"The profitability of digital businesses consists of generating money from the core business", Marc Sansó
14 de May de 2019
14 de May de 2019
Marc Sansó ran a new online session of the Focused Program organized by the Alumni department, entitled "Asymmetrical growth models: Uber, Google and Apple consolidate their success". The Director of the Master of International Business and the EAE Case Study Centre began by analysing Over the Top services (OTT). This acronym encompasses the concept of audio, video and other contents broadcast online without the involvement of traditional operators in the control or distribution of the content. Key examples of this model include HBO, Netflix and WhatsApp. In the Telco segment, Sansó defined asymmetrical business models as brands that burst onto the market not with the intention of generating enormous profits on the market but rather enhancing the profitability of their core business.
The Director of EAE Business School's EAE Case Study Centre drew a comparison between the traditional Telco industry and "all in one" industries, analysing how Telcos have been affected by OTTs in industries such as distribution, with the rising untapped potential of the market, and the service industries, where the market has been disrupted by business alternatives such as asymmetrical business models in decline. It also establishes a relationship between connectivity industries in which a situation similar a to commercialization pressure is happening due to the prisoner's dilemma (whether or not individuals with conflicting interests agree to cooperate).
The consultant and lecturer Marc Sansó analysed the business models generated thanks to the smart disruptive ecosystem on the iOs platform: in terms of operators, as Telcos reduce friction for iPhone companies, platforms like Netflix, EA Games, Facebook and BMW earn money, increase user engagement and generate new applications and services; accessory manufacturers create accessories and share revenue in order to access the market, while Premium users obtain prepaid services and experiences. He also gave an overview of the business models generated thanks to the smart disruptive ecosystem of the Android platform: Google, Play Stores, compatibility certificates, mobile apps, payment for technology and services, as well as users (a mass market with connected people wanting a digital experience).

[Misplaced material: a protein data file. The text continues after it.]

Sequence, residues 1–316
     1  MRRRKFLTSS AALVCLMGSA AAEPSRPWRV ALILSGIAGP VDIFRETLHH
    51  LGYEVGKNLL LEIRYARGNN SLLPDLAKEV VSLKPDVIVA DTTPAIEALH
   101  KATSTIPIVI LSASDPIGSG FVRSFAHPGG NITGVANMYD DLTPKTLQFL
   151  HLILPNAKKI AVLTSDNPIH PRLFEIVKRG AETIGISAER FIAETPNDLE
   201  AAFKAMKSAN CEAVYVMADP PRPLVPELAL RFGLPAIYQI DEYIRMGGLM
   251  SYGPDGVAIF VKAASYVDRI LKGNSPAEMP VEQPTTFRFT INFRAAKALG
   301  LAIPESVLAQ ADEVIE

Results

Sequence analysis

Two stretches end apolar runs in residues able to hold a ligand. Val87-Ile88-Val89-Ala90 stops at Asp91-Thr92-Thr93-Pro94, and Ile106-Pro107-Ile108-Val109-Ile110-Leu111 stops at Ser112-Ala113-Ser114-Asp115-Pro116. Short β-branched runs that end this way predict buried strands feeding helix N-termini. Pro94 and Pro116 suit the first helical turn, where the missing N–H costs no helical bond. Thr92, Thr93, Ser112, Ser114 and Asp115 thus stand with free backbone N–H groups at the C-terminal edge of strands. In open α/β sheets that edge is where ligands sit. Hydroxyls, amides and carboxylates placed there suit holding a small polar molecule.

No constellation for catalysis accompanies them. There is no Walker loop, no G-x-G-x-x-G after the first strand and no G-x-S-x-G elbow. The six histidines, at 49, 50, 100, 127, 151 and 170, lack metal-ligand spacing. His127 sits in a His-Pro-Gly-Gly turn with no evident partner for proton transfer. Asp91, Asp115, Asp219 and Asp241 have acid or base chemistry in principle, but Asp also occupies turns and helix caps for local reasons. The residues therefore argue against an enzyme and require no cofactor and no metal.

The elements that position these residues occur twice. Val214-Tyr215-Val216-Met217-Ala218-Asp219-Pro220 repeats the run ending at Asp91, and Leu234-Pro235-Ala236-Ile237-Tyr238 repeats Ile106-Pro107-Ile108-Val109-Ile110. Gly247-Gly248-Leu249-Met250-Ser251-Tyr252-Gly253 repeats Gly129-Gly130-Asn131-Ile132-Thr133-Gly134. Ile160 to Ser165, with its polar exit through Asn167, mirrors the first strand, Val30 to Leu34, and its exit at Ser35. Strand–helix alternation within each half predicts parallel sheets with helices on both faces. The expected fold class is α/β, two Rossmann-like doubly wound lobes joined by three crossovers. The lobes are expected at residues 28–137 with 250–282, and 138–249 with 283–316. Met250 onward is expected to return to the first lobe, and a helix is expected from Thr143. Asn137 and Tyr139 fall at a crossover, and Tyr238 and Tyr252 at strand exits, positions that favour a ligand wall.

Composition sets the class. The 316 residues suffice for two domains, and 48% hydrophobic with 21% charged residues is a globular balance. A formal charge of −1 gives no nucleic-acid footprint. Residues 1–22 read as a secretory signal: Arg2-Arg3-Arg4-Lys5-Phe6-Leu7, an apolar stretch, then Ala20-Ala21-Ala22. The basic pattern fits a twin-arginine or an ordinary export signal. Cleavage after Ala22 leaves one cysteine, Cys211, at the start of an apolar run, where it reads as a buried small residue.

In traditional models, value is created through the product delivered via an established retailer, with this value being captured through the sale of the product for money. In digital business models, value is generated when a new industry emerges and is transferred through values such as attention (Facebook), intention (Google) or data (Waze) from the core business. Profitability is achieved by making money from the core business.
Asymmetrical business models are based on transferring value between industries. For instance, Amazon has generated value through a product like Kindle, the monetization of its App Store and the ecommerce sales generated. Google has generated value with its smart devices, the Google Play platform and Wallet. In fact, Google has asymmetrically disrupted one industry after another: advertising with Search and AdWords, business software with Google Apps, mobile phones with Android, PCs with Chromebook, television with Chromecast and YouTube, electrical appliances with Nest, travel with Google Maps and Flights, wearable technology with the Android Wear system and transport with Android Auto.